International airports are a busy place to be. Nearly 200,000 passengers pass through London Heathrow Airport every day. The internal security of the country depends on effective airport checks.
All departing passengers pass through a series of security procedures before embarking their plane. One such procedure is a short, scripted interview when security personnel must make decisions about passenger risk by looking for behavioural indicators of deception.
These are referred to as “suspicious signs”: signs of nervousness, aggression and an unusual interest in security procedures, for example. However, this approach has never been empirically validated and its continued use is criticised for being based on outdated, unreliable perceptions of how people behave when being deceptive.
Despite these concerns, the suspicious signs approach continues to dominate security screening: the US government spends US$200m yearly on behaviour-detection officers, who are tasked with spotting suspicious signs. This is a waste of money.
Catch me if you can
Most of us answer questions truthfully because we have no reason to do otherwise. However, for those with mal-intent, truth is not an option if they don’t want to be exposed. Despite a lot of research devoted to understanding and detecting deception, there isn’t a reliable method available to us.
Tightly controlled lab studies show that deception-detection performance is only marginally better than chance. This means in normal situations, such as airports, where there are a lot of distractions and the number of deceivers is far fewer than truth-tellers, detection performance can only get worse.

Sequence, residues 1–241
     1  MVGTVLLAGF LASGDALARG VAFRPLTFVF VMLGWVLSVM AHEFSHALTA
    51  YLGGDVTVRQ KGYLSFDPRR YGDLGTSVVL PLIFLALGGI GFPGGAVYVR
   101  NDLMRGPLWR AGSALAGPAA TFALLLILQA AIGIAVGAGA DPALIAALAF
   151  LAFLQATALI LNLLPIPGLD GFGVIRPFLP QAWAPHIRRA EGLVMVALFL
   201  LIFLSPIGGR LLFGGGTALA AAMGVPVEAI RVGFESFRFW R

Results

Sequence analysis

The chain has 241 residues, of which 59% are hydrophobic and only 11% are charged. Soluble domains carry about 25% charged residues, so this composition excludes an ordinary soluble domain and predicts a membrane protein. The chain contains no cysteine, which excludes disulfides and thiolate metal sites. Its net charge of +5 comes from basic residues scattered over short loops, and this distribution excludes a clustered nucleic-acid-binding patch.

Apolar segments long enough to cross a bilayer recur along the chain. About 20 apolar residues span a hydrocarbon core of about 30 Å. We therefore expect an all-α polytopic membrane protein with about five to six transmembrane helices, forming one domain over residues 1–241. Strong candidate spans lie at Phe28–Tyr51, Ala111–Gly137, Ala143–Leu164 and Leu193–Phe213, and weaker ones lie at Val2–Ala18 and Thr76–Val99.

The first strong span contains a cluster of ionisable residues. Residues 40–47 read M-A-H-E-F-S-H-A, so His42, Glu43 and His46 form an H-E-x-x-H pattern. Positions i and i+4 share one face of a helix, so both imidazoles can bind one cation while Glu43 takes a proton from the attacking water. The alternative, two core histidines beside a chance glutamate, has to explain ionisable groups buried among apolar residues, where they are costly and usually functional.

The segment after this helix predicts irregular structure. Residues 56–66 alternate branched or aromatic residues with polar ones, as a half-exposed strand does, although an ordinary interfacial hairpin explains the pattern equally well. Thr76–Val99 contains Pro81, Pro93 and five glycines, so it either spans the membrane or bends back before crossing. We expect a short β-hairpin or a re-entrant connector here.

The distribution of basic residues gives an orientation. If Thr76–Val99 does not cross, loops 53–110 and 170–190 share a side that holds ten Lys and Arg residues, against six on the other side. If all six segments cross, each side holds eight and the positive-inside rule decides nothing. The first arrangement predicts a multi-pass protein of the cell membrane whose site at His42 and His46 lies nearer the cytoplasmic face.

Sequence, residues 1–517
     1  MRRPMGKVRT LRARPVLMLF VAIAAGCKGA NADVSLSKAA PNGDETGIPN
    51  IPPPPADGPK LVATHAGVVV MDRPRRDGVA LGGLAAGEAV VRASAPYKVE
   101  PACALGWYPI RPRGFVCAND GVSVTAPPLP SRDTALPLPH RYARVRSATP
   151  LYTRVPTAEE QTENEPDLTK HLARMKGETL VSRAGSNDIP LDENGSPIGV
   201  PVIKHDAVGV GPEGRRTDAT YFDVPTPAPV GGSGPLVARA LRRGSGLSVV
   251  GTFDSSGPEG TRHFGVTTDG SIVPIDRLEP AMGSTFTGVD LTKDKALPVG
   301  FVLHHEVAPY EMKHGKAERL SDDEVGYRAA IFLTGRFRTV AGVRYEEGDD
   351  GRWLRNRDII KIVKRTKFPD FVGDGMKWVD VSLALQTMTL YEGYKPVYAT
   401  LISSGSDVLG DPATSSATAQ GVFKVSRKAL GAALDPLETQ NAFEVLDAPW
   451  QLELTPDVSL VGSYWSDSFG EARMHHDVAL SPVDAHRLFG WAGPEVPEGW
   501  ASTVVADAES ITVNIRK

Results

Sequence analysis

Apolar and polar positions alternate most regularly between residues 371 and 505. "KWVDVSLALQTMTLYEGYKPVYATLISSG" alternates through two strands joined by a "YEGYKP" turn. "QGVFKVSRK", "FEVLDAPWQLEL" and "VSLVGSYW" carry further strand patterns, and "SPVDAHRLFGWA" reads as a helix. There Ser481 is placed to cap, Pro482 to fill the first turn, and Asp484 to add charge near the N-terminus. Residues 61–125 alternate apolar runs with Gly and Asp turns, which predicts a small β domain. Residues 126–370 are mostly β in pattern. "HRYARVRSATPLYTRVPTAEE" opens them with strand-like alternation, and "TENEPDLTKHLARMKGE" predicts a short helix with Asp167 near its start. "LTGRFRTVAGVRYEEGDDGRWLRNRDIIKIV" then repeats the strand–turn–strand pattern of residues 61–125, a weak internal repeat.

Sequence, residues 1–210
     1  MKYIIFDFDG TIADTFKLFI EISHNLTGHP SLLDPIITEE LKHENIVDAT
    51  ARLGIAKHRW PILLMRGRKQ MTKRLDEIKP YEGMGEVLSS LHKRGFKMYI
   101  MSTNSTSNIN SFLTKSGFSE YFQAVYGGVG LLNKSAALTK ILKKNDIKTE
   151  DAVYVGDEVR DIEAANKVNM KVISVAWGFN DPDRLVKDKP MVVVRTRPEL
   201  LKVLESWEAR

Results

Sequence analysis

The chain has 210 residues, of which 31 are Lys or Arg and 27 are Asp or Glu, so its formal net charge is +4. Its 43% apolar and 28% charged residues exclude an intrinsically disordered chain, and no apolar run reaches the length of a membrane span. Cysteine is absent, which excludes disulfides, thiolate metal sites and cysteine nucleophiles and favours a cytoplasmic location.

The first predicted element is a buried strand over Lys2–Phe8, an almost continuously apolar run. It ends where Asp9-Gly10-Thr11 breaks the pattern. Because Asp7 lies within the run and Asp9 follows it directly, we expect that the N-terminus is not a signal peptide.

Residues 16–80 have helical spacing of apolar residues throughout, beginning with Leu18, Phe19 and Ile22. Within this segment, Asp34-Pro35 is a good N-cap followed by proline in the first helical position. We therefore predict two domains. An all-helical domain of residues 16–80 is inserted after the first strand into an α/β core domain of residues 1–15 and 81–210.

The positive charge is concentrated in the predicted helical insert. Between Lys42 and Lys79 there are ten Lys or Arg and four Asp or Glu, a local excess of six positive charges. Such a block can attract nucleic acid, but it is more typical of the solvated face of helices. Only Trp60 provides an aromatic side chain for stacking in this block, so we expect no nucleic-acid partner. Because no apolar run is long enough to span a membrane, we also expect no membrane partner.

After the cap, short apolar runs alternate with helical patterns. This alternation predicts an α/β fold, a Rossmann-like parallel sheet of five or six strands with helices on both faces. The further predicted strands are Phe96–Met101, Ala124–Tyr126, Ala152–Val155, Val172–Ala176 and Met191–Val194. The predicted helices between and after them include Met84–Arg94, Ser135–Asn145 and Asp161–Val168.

One can tell when one’s children or spouse are lying because we know what they are like when telling the truth. With strangers it almost impossible. But there are many companies selling suspicious signs methods – and their sales pitch perpetuates the myth. Spotting behaviours from a distance is cheap and easy to implement. So authorities like suspicious signs approaches, because they save money and give the appearance of protecting the public.
Despite disappointing results and challenges to its use, such methods based on studies done in labs are still in use. However, recently, our research has challenged convention, moving out of the lab into the real world: with security agents at many international airports.
We compared the effectiveness of a suspicious signs approach to a new method, called the Controlled Cognitive Engagement (CCE). CCE is a conversation comprising of a number of cognitive questioning techniques. It is designed to be demanding for liars, but straightforward for truth-tellers.
Our research was conducted during routine security screening, with “real” passengers departing on flights at international airports. CCE was developed using the latest research which shows that many aspects of verbal exchanges can reliably discriminate deceivers from truth-tellers. CCE offers an alternative approach that focuses, not on how deceivers behave, but on the nature of the verbal exchange between passengers and security staff.